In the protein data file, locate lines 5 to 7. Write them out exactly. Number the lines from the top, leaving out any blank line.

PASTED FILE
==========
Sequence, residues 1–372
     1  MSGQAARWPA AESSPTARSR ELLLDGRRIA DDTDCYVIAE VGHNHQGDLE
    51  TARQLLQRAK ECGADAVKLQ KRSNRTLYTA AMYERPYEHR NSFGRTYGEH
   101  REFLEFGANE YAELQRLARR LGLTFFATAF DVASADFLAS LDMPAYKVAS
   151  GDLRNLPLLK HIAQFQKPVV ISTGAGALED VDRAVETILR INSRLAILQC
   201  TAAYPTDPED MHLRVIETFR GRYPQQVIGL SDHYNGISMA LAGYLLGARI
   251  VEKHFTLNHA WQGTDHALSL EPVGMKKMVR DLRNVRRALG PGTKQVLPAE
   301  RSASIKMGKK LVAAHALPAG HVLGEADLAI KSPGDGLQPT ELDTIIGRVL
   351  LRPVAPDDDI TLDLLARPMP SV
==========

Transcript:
   151  GDLRNLPLLK HIAQFQKPVV ISTGAGALED VDRAVETILR INSRLAILQC
   201  TAAYPTDPED MHLRVIETFR GRYPQQVIGL SDHYNGISMA LAGYLLGARI
   251  VEKHFTLNHA WQGTDHALSL EPVGMKKMVR DLRNVRRALG PGTKQVLPAE